Golf Course Management

DEC 2012

Golf Course Management magazine is dedicated to advancing the golf course superintendent profession and helping GCSAA members achieve career success.

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Page 23 of 125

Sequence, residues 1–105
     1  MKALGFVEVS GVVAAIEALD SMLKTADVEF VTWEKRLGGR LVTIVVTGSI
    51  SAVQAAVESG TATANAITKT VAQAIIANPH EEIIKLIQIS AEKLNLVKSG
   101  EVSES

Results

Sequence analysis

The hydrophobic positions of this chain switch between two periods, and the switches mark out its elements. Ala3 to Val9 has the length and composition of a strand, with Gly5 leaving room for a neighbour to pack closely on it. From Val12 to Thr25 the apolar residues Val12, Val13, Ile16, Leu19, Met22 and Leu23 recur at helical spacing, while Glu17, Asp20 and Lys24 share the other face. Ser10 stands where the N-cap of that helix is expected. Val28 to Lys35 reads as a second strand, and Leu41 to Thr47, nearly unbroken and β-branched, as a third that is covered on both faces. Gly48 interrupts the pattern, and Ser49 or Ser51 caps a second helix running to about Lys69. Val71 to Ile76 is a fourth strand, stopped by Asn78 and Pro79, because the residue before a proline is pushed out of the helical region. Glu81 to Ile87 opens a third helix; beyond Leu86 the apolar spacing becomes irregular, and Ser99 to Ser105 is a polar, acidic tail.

front NINE see more @ GCSAA director of environmental pro- grams Greg Lyman spoke about how golf courses use and conserve water at USGA's water summit in Dallas. Photo by John Mummert USGA summit spotlights golf's use of water Doug Bennett knows the bad guys when he sees them. Like many in similar positions, the conservation manager for V v v Here's some good news: Rounds of golf were up 7.7 percent nationally through August, the National Golf Foundation says. Public course play jumped 8.7 percent. The upper Midwest — which includes Illinois, Indiana, Ohio, Michigan and Wisconsin — showed a 14.4 percent rise. In Detroit, rounds were up 22.8 percent. the Southern Nevada Water Authority is trained to notice who is playing by the rules and who isn't when it comes to water use in a part of the country that sees just 4 inches of rain annually. If you're washing your car or watering the front lawn when you shouldn't be, Bennett is the kind of guy who will know. As such, maybe we should trust Bennett's judgment when he singles out golf course superintendents as true leaders in the in- creasingly important quest for wise water use and conservation. "Superintendents are exceptional facility managers. They get it," says Bennett, one of the featured speakers at Golf's Use of Water: Solutions for a More Sustainable Game, a summit of key stakeholders in golf brought together by the USGA in November. "They understand that theirs is a water-intensive business. They know the inputs they put on their golf courses, they know the costs and they know when and where they can cut back and how best to use that resource." Bennett's perception of superintendents and the knowledge they could bring to the table during this first-of-its-kind event was obviously shared by meeting organizers. Three superintendents — Mark Esoda, CGCS at Atlanta Country Club; Tim Hiers, CGCS at Old Colliers Golf Club in Naples, Fla.; and Bob Farren, CGCS, director of golf courses and grounds management at Pinehu- rst (N.C.) Resorts — spoke at the summit, as did Greg Lyman, GCSAA's director of environmental programs. Their presentations helped form the foundation of an agenda that touched on water matters in the game of golf ranging from the use of reclaimed water to legislative perspectives on water use and the impact of new technologies. 20 GCM December 2012 Esoda, for example, highlighted successes superintendents have had in his home state of Georgia in working with regula- tors and legislators to form reasonable water-use policies during times of drought. Hiers shared his experiences in managing an all- seashore paspalum golf course and how that turfgrass has altered his irrigation practices. The water-smart restoration of Pinehurst No. 2 — complete with its removal of more than 600 irrigation heads and acres of bermudagrass rough — and its back-to-back hosting of the 2014 U.S. Open and U.S. Women's Open was a popular topic through- out the event, and Farren took attendees inside that work during his presentation. And Lyman shared highlights from the water use and conservation survey that was a part of GCSAA's Golf Course Environmental Profile. From all of these case studies and success stories, it's tough to dispute the progress that golf has made when it comes to water use and the importance the industry has placed on the subject. But refusing to rest on its laurels and spreading the message of golf's good work to a broader audience seemed to be the next logical step for most in attendance in Dallas, including GCSAA CEO Rhett Evans. "The industry is to be commended for coming together and elevating the discussion about water use in golf," he says. "By bringing together a diverse group of stakeholders, we can have discussions that will benefit policymakers, golf course managers, facility operators and golfers themselves. Significant strides have been made, but this is an area where we must continue to innovate as the demand for water increases." — Scott Hollister, GCM, editor in chief 9

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